Peroxisome proliferator-activated receptor alpha is an androgen-responsive gene in human prostate and is highly expressed in prostatic adenocarcinoma.
Collett GP., Betts AM., Johnson MI., Pulimood AB., Cook S., Neal DE., Robson CN.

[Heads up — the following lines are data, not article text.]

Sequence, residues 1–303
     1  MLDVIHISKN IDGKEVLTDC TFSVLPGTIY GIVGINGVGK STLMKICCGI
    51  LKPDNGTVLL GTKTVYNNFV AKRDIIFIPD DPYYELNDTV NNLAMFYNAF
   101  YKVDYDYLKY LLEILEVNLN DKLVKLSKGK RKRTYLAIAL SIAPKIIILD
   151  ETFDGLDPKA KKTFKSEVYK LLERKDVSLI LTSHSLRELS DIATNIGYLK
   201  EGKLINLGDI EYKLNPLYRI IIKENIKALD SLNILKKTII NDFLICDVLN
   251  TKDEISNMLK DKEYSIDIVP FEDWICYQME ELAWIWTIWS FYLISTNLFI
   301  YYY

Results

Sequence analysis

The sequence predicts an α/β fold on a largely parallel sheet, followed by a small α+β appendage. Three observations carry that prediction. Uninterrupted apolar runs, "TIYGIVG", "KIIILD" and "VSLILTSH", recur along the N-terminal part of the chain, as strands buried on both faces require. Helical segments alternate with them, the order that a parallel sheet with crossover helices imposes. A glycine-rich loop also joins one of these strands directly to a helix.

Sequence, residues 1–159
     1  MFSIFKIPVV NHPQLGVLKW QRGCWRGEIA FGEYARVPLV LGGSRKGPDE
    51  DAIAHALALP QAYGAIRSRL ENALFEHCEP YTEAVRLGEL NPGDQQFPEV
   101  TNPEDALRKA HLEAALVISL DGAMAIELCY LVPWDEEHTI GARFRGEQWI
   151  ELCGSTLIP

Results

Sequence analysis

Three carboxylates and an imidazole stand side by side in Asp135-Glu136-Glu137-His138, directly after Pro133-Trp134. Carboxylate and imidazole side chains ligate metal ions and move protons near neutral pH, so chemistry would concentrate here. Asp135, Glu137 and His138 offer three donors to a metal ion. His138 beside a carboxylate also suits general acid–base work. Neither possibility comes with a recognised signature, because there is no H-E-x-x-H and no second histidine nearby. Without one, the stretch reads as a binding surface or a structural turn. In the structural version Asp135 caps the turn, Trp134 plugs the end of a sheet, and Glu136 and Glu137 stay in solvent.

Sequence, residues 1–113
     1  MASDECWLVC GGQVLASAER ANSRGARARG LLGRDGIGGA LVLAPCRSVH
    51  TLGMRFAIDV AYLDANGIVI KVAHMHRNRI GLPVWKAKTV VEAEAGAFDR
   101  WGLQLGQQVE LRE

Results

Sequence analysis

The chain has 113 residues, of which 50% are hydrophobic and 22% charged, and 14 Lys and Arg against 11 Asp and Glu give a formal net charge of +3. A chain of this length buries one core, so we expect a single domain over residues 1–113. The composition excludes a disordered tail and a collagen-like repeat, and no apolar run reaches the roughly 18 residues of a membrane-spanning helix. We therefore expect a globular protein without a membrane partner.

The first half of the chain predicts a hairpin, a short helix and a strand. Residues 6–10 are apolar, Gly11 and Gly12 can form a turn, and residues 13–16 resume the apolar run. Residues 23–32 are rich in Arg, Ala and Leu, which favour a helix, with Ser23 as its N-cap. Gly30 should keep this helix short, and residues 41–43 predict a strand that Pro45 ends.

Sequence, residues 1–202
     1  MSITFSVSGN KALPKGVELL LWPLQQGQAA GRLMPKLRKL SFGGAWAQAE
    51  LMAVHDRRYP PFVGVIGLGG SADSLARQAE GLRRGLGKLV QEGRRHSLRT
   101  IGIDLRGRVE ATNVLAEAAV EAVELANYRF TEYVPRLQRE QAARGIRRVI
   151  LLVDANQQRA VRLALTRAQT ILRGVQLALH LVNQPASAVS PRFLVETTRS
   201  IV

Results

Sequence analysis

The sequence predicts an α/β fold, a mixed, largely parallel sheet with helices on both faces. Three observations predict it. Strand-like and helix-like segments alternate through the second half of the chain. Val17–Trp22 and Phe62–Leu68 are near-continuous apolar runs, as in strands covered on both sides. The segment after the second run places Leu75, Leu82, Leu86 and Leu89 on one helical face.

Peroxisome proliferator-activated receptor (PPAR) alpha is a member of the nuclear receptor superfamily of ligand-activated transcription factors. PPARalpha is activated by peroxisome proliferators and fatty acids and has been shown to be involved in the transcriptional regulation of genes involved in fatty acid metabolism. In rodents, the PPARalpha-mediated change in such genes results in peroxisome proliferation and can lead to the induction of hepatocarcinogenesis. Using the mRNA differential display technique and Northern blot analysis, we have shown that chronic exposure of the prostate cancer epithelial cell line LNCaP to the synthetic androgen mibolerone results in the down-regulation of PPARalpha mRNA. Levels of PPARalpha mRNA are reduced to approximately 40% of control levels in LNCaP cells exposed to 10 nM mibolerone for 96 h. PPARalpha-responsive reporter plasmids derived from human ApoA-II and muscle carnitine palmitoyl-transferase I genes were stimulated by the PPARalpha-activating ligand Wy-14,643 in LNCaP cells. In situ hybridization and immunohistochemical analyses showed that PPARalpha expression in prostate is confined to epithelial cells. In benign prostatic tissue, PPARalpha mRNA was either absent or only weakly expressed in the basal epithelial cells. In 11 of 18 (61%) poorly differentiated (Gleason score, 8-10) prostatic carcinoma specimens, there was strong expression of PPARalpha compared with 4 of 12 Gleason score 7 tumors and 2 of 11 Gleason score 3-6 tumors (P < 0.01). These results suggest that PPARalpha is found and functional in human prostate and is down-regulated by androgens. The role of PPARalpha may be to integrate dietary fatty acid and steroid hormone signaling pathways, and its overexpression in advanced prostate cancer may indicate a role in tumor progression with the potential involvement of dietary factors.